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After 20 Years, Three Regions Confront Their Divisions

This piece is co-authored by MarySue Barrett, President of the Metropolitan Planning Council (MPC); Tom Wright, President and CEO of Regional Plan Association (RPA); and Gabriel Metcalf, President and CEO of SPUR.

The New York region, San Francisco Bay area and metropolitan Chicago are magnets for technology and innovation, creative young talent, and global investment. The buzz around New York’s High Line, San Francisco’s new five-acre rooftop Salesforce Park, and Chicago’s Riverwalk paint pictures of vibrant, dynamic cities where unemployment is down and many are succeeding. But the story is starkly different for many regional residents who are disconnected from the dynamic parts of the economy, face crushing cost of living burdens and are falling further behind. Despite a resurgence in the urban centers of many U.S. cities, persistent and growing income and wealth gaps lay bare our collective failure to properly share prosperity.

Each of the three of us have helped steer our respective regions’ leading independent urban planning organization for more than 20 years. We understand the power of bold ideas, major public investments, compelling data, and strong and diverse partnerships. When Chicago’s government and business and civic leaders decided to transform railroad tracks in the middle of the Loop into Millennium Park in the early 2000s, few predicted the ripple effect on nearby real estate values or the civic pride that this cultural gathering spot would spark. When the dot com bust led to hundreds of thousands leaving the Bay Area for more promising regions, few predicted that a second tech boom (since ~2010) would be even larger, fueling a major shift in employment to the transit-rich core of San Francisco. And in the aftermath of 9/11 and then the Great Recession, even as the Big Apple pulled together to rebuild Lower Manhattan and diversify its economy, few predicted that New York City would add 750,000 jobs in less than a decade.

So why are so many people being left behind? The reasons all stem from structural racism, unequal investment, and a passive tolerance of the status quo. Despite having raised its minimum wage, required employers to provide paid sick leave and other local labor policies, San Francisco’s housing costs are the highest in the nation and the income gap is starkly racialized: African American households in San Francisco earn less than $30,000 annually while the average white household earns over $110,000. Chicagoans cringed when confronted with the true cost of segregation: $4 billion in lost African American income annually, 83,000 fewer bachelor’s degrees, 30% more homicides. New York City’s unequal property tax system burdens homeowners in communities of color neighborhoods with tax bills that are up to four times the rate of those in predominantly white communities.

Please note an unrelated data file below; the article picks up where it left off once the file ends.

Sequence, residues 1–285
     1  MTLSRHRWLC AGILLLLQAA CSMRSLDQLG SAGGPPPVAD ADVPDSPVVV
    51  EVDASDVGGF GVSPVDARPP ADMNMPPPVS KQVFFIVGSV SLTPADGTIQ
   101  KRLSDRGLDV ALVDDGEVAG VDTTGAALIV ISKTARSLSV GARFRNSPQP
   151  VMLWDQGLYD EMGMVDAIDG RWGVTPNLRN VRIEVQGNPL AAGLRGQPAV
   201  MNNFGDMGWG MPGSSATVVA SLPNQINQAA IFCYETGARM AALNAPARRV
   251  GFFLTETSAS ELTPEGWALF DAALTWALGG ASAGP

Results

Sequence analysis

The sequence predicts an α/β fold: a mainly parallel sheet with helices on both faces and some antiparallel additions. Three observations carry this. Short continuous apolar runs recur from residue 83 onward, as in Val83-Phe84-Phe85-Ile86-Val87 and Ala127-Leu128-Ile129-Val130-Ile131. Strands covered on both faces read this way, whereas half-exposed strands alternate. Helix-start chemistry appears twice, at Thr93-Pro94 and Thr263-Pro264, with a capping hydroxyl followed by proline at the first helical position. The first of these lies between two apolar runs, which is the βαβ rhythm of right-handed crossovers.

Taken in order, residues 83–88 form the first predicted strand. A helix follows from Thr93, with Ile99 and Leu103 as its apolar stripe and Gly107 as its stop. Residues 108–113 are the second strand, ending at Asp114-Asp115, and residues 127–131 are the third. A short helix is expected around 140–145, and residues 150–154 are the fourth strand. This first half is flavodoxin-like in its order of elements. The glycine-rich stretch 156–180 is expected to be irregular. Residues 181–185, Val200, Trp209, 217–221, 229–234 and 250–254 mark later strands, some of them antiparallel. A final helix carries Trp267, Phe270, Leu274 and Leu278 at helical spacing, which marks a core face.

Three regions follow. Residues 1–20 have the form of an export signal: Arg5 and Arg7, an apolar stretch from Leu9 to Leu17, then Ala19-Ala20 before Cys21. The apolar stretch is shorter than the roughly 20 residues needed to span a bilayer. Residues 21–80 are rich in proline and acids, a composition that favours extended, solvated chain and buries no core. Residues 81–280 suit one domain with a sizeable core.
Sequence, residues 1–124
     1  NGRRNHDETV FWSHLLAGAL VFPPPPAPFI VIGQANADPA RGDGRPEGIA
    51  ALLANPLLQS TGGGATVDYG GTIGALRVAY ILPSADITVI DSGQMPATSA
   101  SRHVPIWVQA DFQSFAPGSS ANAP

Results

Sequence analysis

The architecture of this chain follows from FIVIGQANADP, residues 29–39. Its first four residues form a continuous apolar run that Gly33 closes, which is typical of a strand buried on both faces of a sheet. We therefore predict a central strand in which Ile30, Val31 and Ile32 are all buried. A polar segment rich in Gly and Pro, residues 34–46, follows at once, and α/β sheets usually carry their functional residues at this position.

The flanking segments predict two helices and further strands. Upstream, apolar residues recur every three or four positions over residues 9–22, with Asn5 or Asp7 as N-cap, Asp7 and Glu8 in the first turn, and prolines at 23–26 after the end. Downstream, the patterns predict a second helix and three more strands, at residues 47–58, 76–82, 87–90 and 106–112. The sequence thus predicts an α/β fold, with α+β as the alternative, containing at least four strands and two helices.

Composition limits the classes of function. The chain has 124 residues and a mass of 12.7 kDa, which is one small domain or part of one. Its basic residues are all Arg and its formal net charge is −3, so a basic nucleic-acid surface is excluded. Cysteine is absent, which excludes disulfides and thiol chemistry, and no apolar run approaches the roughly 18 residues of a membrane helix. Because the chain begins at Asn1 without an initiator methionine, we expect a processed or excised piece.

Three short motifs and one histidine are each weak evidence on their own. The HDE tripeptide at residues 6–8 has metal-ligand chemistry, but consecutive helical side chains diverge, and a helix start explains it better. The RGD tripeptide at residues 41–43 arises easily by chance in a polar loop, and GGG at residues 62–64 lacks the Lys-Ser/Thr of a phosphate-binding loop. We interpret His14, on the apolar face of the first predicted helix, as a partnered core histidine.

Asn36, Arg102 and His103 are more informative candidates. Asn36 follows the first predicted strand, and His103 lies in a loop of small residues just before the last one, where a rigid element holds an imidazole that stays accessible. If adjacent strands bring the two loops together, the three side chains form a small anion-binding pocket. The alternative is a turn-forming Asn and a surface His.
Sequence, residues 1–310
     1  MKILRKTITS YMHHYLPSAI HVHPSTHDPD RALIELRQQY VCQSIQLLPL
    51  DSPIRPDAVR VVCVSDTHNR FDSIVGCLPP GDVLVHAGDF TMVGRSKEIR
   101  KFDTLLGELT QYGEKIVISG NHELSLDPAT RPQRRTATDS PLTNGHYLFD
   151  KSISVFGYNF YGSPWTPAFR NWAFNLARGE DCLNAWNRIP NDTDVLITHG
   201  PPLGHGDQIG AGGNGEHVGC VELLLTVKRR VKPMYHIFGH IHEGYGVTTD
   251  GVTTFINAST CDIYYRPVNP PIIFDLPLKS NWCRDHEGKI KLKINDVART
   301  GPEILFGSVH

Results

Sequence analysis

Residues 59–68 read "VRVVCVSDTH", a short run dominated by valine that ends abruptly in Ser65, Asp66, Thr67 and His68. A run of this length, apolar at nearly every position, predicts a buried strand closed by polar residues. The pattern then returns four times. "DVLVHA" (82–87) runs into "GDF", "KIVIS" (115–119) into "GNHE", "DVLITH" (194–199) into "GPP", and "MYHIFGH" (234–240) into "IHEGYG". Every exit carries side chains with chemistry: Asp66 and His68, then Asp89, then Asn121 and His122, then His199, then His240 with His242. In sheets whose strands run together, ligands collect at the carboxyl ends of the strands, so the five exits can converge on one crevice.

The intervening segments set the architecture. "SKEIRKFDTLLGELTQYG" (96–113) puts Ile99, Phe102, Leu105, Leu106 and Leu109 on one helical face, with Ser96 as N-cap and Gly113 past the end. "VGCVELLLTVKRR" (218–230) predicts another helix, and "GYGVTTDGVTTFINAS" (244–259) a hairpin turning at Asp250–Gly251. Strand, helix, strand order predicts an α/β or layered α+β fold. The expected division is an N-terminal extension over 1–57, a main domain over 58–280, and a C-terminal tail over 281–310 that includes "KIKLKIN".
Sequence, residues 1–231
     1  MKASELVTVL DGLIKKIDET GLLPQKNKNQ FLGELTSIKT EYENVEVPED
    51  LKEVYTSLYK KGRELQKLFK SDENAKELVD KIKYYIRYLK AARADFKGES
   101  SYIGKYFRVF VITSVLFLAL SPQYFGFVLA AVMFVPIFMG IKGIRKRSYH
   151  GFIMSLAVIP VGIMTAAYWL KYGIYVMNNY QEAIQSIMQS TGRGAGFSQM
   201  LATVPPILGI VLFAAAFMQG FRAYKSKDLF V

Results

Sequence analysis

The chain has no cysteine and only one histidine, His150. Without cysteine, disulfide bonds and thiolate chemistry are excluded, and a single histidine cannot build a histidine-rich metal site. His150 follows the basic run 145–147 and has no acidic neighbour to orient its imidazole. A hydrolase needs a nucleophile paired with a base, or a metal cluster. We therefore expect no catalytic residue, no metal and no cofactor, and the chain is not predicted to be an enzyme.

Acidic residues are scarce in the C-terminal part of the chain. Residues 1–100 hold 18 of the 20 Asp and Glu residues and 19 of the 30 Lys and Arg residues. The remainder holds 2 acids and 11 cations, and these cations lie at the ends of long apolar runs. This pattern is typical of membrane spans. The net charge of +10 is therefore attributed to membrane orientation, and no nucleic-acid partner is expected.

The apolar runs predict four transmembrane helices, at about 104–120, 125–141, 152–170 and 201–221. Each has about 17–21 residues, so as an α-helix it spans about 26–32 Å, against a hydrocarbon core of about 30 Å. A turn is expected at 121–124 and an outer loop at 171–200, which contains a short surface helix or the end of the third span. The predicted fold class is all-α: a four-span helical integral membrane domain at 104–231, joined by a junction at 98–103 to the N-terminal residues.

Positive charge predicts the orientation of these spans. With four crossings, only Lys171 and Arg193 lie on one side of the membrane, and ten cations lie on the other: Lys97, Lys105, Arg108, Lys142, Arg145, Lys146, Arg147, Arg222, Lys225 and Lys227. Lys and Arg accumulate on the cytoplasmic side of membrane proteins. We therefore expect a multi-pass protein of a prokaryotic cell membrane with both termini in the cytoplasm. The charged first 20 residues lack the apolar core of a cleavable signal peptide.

The data from comprehensive regional plans on growing inequality are similarly damning. Metropolitan Chicago stands alone among the 10 largest metros in losing population between 2016 and 2017. The Chicago Metropolitan Agency for Planning’s new ON TO 2050 Plan highlights that population gains since 2006 have been almost exclusively among high earners. When you consider that low- and middle-income families now must spend 67% to cover the basics of housing and transportation in Chicagoland, the loss of 60,000 African Americans from the city sadly starts to make sense.

The Regional Plan Association spent the last five years preparing its Fourth Regional Plan, unpacking regional economic and demographic trends and identifying challenges to future prosperity. Over the past generation, the average cost of renting an apartment in New York City has gone from just over one-quarter to almost one-third of household income, severe overcrowding of rental apartments has doubled, and the number of people experiencing homelessness has tripled. Homeownership, which was once widely accessible to the middle-class, is now completely out of reach to two-thirds of families in the region.